If another person interferes with your easement rights or over-burdens it with an impermissible use, you may have legal recourse to protect your property interests.  In some situations, the court may issue a preliminary injunction to keep the status quo or restrain certain conduct before a final decision has been reached, as in a May 24, 2019 Massachusetts real estate case.  The plaintiffs in the case filed a lawsuit claiming an easement to use a beach area.  The plaintiffs then requested a preliminary injunction from the court to enforce those rights.  In turn, the defendants sought a preliminary injunction against the plaintiffs to cease many of their activities the beach, alleging that such uses were destructive.

The plaintiffs claimed that they had the right to deploy and maintain a dock, use a boat ramp, and park vehicles and trailers on the beach.  In their motion for a preliminary injunction, they claimed that the defendants had interfered with those rights.  The defendants argued that any easements rights of the plaintiff were based on the permissive use allowed by the previous owner of the property, and such use had been revoked after his death.  The defendants further alleged that the plaintiffs had overburdened the easement and that their activities constituted a nuisance and trespass on the beach.  They sought to prevent the plaintiffs from installing a dock, launching boats, parking and storing trailers, boats, and vehicles, planting invasive species, leaving trash, having large parties and drinking alcohol on the beach, and lighting fireworks.

In Massachusetts, the court may issue a preliminary injunction only if the moving party demonstrates the following: (1) a likelihood of success on the merits, (2) that he or she faces a substantial risk of irreparable harm if the injunction is not issued, and (3) that this risk of irreparable harm outweighs any risk of irreparable harm which granting the injunction would create for the non-moving party.

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An easement is a property right that may, in some situations, be abandoned or extinguished by law.  In a May 2, 2019 Massachusetts real estate case, the Land Court considered whether the defendant held an easement over an area abutting its property.  The area in dispute was a “paper way”, as it was conveyed and described in the deed as a right of way but had never been constructed.

The defendant in the case owned a large apartment complex.  The paper street was located between the plaintiff’s properties and, in the deed, continued through to the defendant’s property.  In 1993, the prior owner of the apartment complex installed a six-foot fence, cutting off its own access to the paper street.  Since then, the plaintiffs claimed to have used the paved portion of the paper street as a driveway and parking area, and the unpaved portion as a lawn, grilling area, and wooded area.

The plaintiffs filed an action against the defendant in Land Court, seeking a declaratory judgment that it owned the paper street in fee and that the defendant had no property rights over it.  The Land Court addressed the issue of the defendant’s easement rights when the parties moved for summary judgment.  The plaintiffs argued that any rights the defendant had in the paper street were extinguished by prescription or abandoned.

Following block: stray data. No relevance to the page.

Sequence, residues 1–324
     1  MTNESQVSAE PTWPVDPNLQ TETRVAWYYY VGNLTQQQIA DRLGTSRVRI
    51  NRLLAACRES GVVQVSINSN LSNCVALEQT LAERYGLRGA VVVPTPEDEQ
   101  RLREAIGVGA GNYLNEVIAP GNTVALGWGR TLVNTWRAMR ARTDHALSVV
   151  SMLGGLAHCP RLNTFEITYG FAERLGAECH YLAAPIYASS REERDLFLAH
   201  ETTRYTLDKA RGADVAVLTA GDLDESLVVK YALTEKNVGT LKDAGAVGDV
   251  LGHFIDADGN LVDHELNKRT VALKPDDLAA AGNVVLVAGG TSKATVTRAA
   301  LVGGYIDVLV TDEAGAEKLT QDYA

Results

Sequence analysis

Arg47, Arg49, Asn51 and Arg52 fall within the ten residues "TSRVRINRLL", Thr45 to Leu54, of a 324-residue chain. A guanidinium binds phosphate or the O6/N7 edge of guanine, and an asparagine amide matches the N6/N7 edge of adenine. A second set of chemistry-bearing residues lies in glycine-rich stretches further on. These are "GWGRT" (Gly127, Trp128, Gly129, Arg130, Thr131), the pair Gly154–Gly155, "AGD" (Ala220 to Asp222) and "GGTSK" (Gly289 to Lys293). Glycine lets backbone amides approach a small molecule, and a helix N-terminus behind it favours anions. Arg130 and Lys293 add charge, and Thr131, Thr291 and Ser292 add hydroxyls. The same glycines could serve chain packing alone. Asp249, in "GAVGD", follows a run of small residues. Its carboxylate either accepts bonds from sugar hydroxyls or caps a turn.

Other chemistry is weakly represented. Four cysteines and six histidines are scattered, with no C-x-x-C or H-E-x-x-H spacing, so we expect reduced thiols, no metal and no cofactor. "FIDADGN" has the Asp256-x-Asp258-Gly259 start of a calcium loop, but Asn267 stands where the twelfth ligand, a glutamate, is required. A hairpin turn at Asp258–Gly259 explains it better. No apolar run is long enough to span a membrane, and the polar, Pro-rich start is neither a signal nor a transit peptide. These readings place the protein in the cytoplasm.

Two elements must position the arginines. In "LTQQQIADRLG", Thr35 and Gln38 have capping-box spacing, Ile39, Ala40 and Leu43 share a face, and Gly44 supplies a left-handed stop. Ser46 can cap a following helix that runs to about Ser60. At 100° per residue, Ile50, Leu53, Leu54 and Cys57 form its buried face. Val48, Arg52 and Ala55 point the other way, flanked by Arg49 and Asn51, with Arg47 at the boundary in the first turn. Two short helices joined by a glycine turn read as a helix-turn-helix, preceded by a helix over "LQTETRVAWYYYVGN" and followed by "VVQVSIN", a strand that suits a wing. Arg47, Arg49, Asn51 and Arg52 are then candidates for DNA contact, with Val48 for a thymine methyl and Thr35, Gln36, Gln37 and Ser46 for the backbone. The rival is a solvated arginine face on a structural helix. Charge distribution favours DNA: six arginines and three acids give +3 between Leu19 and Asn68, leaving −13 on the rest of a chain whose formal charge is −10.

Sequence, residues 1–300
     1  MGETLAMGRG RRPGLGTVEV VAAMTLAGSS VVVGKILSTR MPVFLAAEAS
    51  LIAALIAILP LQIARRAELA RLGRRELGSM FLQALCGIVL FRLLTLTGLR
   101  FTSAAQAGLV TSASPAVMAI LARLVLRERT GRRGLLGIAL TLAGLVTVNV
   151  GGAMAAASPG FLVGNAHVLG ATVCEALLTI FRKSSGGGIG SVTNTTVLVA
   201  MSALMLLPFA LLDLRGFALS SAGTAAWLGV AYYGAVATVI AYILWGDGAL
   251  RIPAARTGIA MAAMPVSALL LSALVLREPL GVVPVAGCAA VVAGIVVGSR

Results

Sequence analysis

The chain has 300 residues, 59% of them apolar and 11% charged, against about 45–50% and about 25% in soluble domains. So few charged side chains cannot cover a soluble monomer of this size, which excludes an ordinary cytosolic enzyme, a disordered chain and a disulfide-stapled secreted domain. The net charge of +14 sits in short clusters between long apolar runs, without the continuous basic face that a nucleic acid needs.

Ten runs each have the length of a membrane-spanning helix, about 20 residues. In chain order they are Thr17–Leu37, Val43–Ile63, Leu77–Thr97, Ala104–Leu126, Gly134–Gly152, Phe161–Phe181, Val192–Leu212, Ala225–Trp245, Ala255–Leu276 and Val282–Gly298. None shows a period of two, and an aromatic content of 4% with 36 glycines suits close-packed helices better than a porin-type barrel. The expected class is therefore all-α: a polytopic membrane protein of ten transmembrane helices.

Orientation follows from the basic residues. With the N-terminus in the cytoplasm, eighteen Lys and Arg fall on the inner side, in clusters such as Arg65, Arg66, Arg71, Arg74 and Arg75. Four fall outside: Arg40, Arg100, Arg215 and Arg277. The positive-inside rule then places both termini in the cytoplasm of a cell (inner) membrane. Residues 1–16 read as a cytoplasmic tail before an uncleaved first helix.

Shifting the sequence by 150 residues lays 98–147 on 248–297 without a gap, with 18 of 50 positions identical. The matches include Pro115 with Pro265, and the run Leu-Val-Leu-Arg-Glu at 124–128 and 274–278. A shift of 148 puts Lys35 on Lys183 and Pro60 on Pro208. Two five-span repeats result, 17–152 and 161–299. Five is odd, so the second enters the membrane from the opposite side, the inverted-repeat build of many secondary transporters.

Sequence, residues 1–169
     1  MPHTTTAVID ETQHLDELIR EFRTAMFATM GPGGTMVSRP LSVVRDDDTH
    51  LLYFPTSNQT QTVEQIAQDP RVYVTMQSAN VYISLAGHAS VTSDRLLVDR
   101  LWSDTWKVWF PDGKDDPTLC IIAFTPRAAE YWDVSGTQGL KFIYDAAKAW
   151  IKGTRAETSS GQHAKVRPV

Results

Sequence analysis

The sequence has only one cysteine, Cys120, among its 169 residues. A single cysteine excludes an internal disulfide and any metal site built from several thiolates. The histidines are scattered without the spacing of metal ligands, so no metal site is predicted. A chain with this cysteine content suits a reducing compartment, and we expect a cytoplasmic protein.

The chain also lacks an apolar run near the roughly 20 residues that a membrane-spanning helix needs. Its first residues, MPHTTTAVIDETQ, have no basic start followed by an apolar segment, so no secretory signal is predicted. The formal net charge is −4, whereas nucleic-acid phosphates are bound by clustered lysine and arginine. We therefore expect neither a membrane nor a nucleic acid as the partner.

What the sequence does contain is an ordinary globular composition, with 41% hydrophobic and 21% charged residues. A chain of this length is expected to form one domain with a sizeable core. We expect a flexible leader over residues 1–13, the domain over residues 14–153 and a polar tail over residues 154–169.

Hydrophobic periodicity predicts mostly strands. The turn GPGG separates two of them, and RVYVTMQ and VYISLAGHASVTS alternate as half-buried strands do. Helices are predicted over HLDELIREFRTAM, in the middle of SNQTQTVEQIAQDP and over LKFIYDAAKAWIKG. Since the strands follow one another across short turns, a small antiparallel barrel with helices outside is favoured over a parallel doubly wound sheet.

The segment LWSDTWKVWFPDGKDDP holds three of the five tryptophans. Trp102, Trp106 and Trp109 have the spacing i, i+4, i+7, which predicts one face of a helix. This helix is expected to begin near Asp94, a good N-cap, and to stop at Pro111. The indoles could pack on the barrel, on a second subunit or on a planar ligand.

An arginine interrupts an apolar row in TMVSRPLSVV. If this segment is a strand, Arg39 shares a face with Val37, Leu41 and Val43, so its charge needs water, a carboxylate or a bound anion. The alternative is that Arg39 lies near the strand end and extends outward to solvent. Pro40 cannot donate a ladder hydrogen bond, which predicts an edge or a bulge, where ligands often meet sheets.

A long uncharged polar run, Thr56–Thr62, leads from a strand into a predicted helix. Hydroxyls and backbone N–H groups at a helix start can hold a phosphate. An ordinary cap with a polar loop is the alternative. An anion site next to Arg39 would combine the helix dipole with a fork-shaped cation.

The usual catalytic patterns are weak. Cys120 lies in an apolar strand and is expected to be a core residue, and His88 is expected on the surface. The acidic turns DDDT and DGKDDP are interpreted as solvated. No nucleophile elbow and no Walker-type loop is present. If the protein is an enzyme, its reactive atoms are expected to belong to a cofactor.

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Massachusetts foreclosure proceedings may involve multiple legal challenges from different parties and extend over many years.  In a May 13, 2019 case, the Appeals Court of Massachusetts reviewed a dispute over the surplus sale proceeds following a real estate tax taking.  The action was brought by an individual plaintiff against the defendant, who was the owner of a foreclosed property.

In 2010, the town executed a tax taking on property owned by the defendant.  The town subsequently filed a petition in Land Court to foreclose all rights of redemption on the property, and in 2014, obtained a foreclosure judgment in its favor.  The town sold the property at auction for approximately $815,000 in 2016.

The plaintiff in the case had brought a Massachusetts Wage Act claim against the defendant in 2012.  She was awarded a judgment in the amount of $250,000, to be secured by a mortgage on the defendant’s property, which the plaintiff recorded in August of 2014.  After learning that the town planned to sell the property at auction, the plaintiff filed an action against the defendant and the town seeking a declaratory judgment that she was entitled to the surplus of the tax debt from the sale.  After the judge entered summary judgment in favor of the town, the plaintiff filed the instant appeal.

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Some homeowners impacted by a proposed change to a nearby property may have a way to legally oppose approval of the plan.  In a May 3, 2019 Massachusetts real estate case, the Appeals Court of Massachusetts reviewed the issuance of a building permit to the defendant, a real estate developer.  The plaintiffs filed the appeal after the local zoning board allowed the permit, and the Land Court subsequently upheld that decision.